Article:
UK communications regulator proposes further measures to tackle spoofing

UK communications regulator Ofcom expects phone providers to block more calls with spoofed numbers.

Ofcom has proposed strengthening its guidance on how phone providers should identify and block calls from abroad that falsely use UK numbers or a non-geographical telephone number as their screen “Presentation Number”. 

“Scam calls can cause significant financial and emotional harm to their victims. They can also damage trust in phone calls,” said Ofcom.

Ofcom said this update should remove a loophole through which scammers can spoof a UK number from abroad (making it look like the call is coming from a UK-based organization) and connect these calls to UK users.

“Scam calls can cause significant financial and emotional harm to their victims.”


A common tactic used by fraudsters based abroad is to spoof UK caller IDs from legitimate organizations such as banks, knowing people are more likely to answer than if an unknown international number is displayed.

This consultation follows Ofcom’s strengthened rules and guidance issued in November 2022 to require all landline and mobile network providers to block spoofed calls if “technically feasible”.

New Ofcom enforcement program

In order to make sure phone providers abide by these revised rules, Ofcom has announced a new enforcement program. This will focus on identifying individual telecoms providers that allow scam and spoofed voice calls to enter the UK’s telephony system, and taking action against them. The program is set to run between 12 to 18 months, and potential breaches could lead to formal investigations.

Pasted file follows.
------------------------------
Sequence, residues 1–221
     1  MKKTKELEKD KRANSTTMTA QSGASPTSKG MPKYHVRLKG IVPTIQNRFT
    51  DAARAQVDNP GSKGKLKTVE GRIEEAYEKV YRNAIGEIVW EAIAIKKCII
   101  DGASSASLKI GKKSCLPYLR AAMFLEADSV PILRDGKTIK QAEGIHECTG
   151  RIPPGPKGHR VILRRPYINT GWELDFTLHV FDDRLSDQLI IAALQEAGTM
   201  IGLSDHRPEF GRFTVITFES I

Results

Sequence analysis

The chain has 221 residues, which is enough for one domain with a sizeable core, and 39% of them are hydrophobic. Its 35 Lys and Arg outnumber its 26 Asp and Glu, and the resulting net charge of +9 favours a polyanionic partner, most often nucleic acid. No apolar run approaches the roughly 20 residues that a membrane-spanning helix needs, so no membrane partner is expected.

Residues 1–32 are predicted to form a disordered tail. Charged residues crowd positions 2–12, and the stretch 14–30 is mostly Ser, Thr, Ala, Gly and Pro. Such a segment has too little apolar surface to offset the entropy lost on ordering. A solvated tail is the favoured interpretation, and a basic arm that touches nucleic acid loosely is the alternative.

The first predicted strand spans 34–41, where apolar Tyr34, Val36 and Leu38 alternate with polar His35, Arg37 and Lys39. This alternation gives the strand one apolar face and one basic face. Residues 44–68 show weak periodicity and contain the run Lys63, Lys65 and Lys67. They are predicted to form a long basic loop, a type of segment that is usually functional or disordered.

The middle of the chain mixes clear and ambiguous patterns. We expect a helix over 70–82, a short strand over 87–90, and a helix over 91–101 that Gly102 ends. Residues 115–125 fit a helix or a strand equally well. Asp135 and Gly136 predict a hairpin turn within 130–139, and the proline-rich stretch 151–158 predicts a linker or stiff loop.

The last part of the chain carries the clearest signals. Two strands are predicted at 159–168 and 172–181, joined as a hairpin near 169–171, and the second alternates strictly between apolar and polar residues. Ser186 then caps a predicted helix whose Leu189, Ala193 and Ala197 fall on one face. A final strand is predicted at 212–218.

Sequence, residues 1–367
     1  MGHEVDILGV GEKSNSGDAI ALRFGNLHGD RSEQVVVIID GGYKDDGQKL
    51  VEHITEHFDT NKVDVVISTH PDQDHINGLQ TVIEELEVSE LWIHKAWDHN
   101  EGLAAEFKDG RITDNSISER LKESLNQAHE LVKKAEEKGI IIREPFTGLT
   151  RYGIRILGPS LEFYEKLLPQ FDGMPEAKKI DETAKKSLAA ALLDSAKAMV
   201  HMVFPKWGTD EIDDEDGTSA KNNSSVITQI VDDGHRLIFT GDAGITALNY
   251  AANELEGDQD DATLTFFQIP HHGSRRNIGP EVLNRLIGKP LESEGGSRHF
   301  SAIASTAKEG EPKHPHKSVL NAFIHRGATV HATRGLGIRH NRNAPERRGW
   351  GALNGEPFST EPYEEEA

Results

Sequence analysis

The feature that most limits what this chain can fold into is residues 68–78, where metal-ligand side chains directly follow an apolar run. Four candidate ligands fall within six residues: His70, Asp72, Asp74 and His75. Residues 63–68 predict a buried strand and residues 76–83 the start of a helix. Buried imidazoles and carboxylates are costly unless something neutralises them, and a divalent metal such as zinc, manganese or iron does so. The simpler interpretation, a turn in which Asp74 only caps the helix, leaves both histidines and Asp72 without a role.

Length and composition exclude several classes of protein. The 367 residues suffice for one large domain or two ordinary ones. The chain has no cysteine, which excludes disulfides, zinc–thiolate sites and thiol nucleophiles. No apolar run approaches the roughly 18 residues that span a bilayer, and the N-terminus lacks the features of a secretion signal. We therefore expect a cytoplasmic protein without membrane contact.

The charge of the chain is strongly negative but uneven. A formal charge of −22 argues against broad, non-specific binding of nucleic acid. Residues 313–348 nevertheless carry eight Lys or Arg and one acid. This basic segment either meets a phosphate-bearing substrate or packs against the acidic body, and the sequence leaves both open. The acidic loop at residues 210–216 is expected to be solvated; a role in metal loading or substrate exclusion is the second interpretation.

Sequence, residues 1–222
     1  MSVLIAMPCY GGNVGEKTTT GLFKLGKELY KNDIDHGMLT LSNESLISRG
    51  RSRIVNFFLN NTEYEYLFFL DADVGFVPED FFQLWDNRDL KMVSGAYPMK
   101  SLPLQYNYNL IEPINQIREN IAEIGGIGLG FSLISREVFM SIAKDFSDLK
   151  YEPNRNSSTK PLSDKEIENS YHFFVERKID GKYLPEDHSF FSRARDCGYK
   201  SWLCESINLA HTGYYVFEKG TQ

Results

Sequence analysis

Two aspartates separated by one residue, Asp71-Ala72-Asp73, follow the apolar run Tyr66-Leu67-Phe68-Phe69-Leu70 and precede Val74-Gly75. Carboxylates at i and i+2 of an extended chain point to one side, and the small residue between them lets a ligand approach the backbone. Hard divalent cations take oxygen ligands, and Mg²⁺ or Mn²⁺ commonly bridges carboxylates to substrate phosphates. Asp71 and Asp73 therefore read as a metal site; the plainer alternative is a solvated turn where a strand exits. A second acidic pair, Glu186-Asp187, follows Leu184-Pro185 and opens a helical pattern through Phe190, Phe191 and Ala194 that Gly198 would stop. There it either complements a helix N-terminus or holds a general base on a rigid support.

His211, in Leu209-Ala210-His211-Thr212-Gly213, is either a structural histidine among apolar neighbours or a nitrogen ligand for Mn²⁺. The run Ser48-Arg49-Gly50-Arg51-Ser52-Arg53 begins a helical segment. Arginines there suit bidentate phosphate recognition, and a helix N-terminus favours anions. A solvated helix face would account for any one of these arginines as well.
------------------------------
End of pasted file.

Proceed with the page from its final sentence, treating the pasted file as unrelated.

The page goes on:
This is in line with the UK government’s new fraud strategy which aims to stop fraud at source and pursue those responsible. It’s ambition is to reduce fraud by 10% by 2025. 

In response to Ofcom’s proposals, Rocio Concha, Which? Director of Policy and Advocacy said: “Number spoofing is a common tactic used by fraudsters to con victims into parting with their hard-earned cash. While this is an encouraging step, Ofcom must ensure telecoms providers do more to prevent fraudsters reaching their consumers. 

“Government and regulators should not hesitate to go further by plugging the gaps in fraud prevention within the telecoms, online advertising and domain sectors, making it harder for fraudsters to reach potential victims.”

Concha added: “The onus shouldn’t fall on consumers to protect themselves, but it is important they are made aware of how they can spot scams.”

Ofcom’s consultation closes on March 28, 2024.